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TAX TAKE: Come Grow the Scorched Ground Green: Top 10 Questions Regarding the Treasury Department Greenbook (Part Two)

Tax Alert

Following last week's Tax Take, here is the second half of our top 10 questions regarding the impact of the recently released FY 2023 Greenbook on the tax policy landscape.

  1. Does the Greenbook have proposed tax rate increases? Interestingly, the Greenbook includes tax rate increase proposals that were rejected and not included in the House-passed version of the Build Back Better Act (BBBA), including an increase in the corporate tax rate to 28 percent, an increase in the top individual marginal tax rate, and an increase in the top capital gains/dividends tax rate. It is unclear whether the inclusion of these rate increases in the Greenbook will have any impact on future BBBA negotiations, where Senator Joe Manchin (D-WV) remains supportive of such rate increases but Senator Kyrsten Sinema's (D-AZ) firm opposition resulted in their removal from the House package.
  2. What about relief from the SALT deduction limitation cap? Although the Greenbook assumes that the revenue proposals contained in the House-passed BBBA have been enacted, it provides a specific exception for the state and local tax (SALT) deduction limitation cap relief provided in that bill. Further, the Greenbook does not itself contain any relief from the cap, calling into question the priority of such relief (at least by the Administration) in further BBBA negotiations.
  3. Does the Greenbook propose a modification to the House-passed stock buyback provision? Although it is not technically in the Greenbook, the underlying budget proposal includes a proposal "requiring executives to hold on to company shares that they receive for several years after receiving them and prohibiting them from selling shares in the years after a stock buyback." Given the lack of detail regarding the proposal (likely attributable to its unique positioning in the budget documents rather than the Greenbook), it is unclear how the proposal would interact with the proposed one percent excise tax on stock buybacks included in the House-passed BBBA.
  4. What are the proposed modifications to the international tax framework? In a nod to the recently released Pillar Two Model Rules, the Greenbook proposes to repeal the base erosion and anti-abuse tax (BEAT) and replace it with the updated undertaxed profits rule (UTPR). Treasury expects that the UTPR will be primarily imposed on domestic corporations who are members of foreign-parented multinational groups and domestic branches of foreign corporations when their ultimate parent entities are not subject to a Pillar 2 compliant income inclusion rule (IIR) regime. In addition, the Greenbook proposes a domestic minimum top-up tax, a new mechanism introduced in the Model Rules that Treasury characterizes as one that would "protect U.S. revenues from the imposition of UTPR by other countries." Left unsaid – perhaps because the baseline assumes a reformed, IIR-compliant global intangible low-taxed income (GILTI) regime – is the fact that if the GILTI modifications are not adopted before other countries adopt the Pillar 2 framework, a domestic minimum top-up tax would operate to impose a minimum tax domestically first and prevent other jurisdictions from "topping up" the tax U.S. companies pay in the event their effective tax rate falls below the requisite 15 percent. Additionally, in a nod to the increasing tide of letters critiquing the UTPR's clawing back of domestic tax incentives (not the least of which are a multitude of credits), the Greenbook notes there will be some sort of mechanism to make sure the value of those credits is not lost.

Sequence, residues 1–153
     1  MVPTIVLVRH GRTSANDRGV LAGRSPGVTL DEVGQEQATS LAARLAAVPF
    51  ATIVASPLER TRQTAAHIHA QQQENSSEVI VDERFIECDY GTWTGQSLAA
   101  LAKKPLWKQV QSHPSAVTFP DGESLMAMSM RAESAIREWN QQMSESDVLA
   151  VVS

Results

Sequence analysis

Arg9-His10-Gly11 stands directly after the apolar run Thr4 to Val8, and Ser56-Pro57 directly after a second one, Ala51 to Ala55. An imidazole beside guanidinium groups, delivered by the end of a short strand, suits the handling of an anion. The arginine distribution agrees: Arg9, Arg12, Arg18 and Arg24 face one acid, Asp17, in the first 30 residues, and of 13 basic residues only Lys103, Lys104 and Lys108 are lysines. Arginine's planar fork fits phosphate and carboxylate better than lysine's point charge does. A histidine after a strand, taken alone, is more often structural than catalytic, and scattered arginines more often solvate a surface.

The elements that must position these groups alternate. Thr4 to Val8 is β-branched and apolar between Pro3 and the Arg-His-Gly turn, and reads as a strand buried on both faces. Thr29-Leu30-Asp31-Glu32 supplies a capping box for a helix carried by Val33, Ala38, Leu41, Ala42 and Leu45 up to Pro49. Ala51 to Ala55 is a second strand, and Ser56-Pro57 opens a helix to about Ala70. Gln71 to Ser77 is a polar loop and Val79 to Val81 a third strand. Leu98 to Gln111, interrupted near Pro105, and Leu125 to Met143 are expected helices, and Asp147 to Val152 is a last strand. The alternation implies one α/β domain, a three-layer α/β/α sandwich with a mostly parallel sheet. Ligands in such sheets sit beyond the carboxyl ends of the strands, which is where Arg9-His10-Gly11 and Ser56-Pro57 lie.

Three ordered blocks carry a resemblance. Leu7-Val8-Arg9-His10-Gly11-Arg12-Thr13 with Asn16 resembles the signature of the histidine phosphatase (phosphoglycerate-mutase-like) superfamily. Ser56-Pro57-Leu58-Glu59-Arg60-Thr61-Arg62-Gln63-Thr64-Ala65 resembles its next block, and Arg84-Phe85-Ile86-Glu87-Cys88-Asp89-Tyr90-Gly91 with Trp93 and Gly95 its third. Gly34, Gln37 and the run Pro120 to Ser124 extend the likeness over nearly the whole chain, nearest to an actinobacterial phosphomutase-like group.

5. Where do these proposals go from here? If past is prologue, it may take some time before any of these proposals are translated into legislative text. Then again, others have posited that some pending BBBA provisions might be modified in time to incorporate some of the concepts in the Greenbook – for example, conforming the minimum tax on book income into something that more closely resembles a Pillar 2 domestic minimum top-up tax. That sounds like a Herculean task – an even larger one than the other big task that remains: enacting legislation that would make the Greenbook's baseline assumptions a reality. Before we start talking about what may be new in the Code, we must consider whether, when, and what portions of the legislation that is already pending can be enacted. That's a lot of Ws for April in an election year – and none of them stands for "win." Stay tuned! #TaxTake

Upcoming Speaking Engagements and Events

On April 26, Marc will moderate a panel titled "Retirement Policy's Path Ahead: 2022 Legislative Outlook," at the ERIC Spring 2022 Virtual Policy Conference.

Loren will speak about international tax agreements at the American Petroleum Institute's 87th Annual Federal Tax Forum on May 4.

Marc will present "Federal Tax Policy Update," at the Manufacturers Alliance Tax Council Spring Meeting on May 19.

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